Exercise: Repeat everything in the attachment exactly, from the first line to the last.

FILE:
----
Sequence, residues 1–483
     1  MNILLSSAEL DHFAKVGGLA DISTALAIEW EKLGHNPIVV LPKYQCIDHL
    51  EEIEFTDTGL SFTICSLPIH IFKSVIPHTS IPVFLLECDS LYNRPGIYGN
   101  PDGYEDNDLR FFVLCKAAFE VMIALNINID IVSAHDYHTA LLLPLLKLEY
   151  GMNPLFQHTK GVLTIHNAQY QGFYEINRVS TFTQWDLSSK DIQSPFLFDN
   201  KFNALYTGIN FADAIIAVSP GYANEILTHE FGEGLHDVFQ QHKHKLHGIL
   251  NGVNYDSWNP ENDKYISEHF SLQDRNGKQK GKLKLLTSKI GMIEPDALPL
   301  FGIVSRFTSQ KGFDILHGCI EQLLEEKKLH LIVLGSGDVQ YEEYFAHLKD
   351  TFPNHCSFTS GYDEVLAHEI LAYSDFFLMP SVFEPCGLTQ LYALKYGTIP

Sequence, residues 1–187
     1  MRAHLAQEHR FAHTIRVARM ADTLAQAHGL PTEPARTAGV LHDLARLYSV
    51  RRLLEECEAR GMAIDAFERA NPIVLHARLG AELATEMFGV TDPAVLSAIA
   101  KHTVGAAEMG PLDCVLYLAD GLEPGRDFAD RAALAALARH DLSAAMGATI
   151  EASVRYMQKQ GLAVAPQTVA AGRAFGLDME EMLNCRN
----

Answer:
Sequence, residues 1–483
     1  MNILLSSAEL DHFAKVGGLA DISTALAIEW EKLGHNPIVV LPKYQCIDHL
    51  EEIEFTDTGL SFTICSLPIH IFKSVIPHTS IPVFLLECDS LYNRPGIYGN
   101  PDGYEDNDLR FFVLCKAAFE VMIALNINID IVSAHDYHTA LLLPLLKLEY
   151  GMNPLFQHTK GVLTIHNAQY QGFYEINRVS TFTQWDLSSK DIQSPFLFDN
   201  KFNALYTGIN FADAIIAVSP GYANEILTHE FGEGLHDVFQ QHKHKLHGIL
   251  NGVNYDSWNP ENDKYISEHF SLQDRNGKQK GKLKLLTSKI GMIEPDALPL
   301  FGIVSRFTSQ KGFDILHGCI EQLLEEKKLH LIVLGSGDVQ YEEYFAHLKD
   351  TFPNHCSFTS GYDEVLAHEI LAYSDFFLMP SVFEPCGLTQ LYALKYGTIP

Sequence, residues 1–187
     1  MRAHLAQEHR FAHTIRVARM ADTLAQAHGL PTEPARTAGV LHDLARLYSV
    51  RRLLEECEAR GMAIDAFERA NPIVLHARLG AELATEMFGV TDPAVLSAIA
   101  KHTVGAAEMG PLDCVLYLAD GLEPGRDFAD RAALAALARH DLSAAMGATI
   151  EASVRYMQKQ GLAVAPQTVA AGRAFGLDME EMLNCRN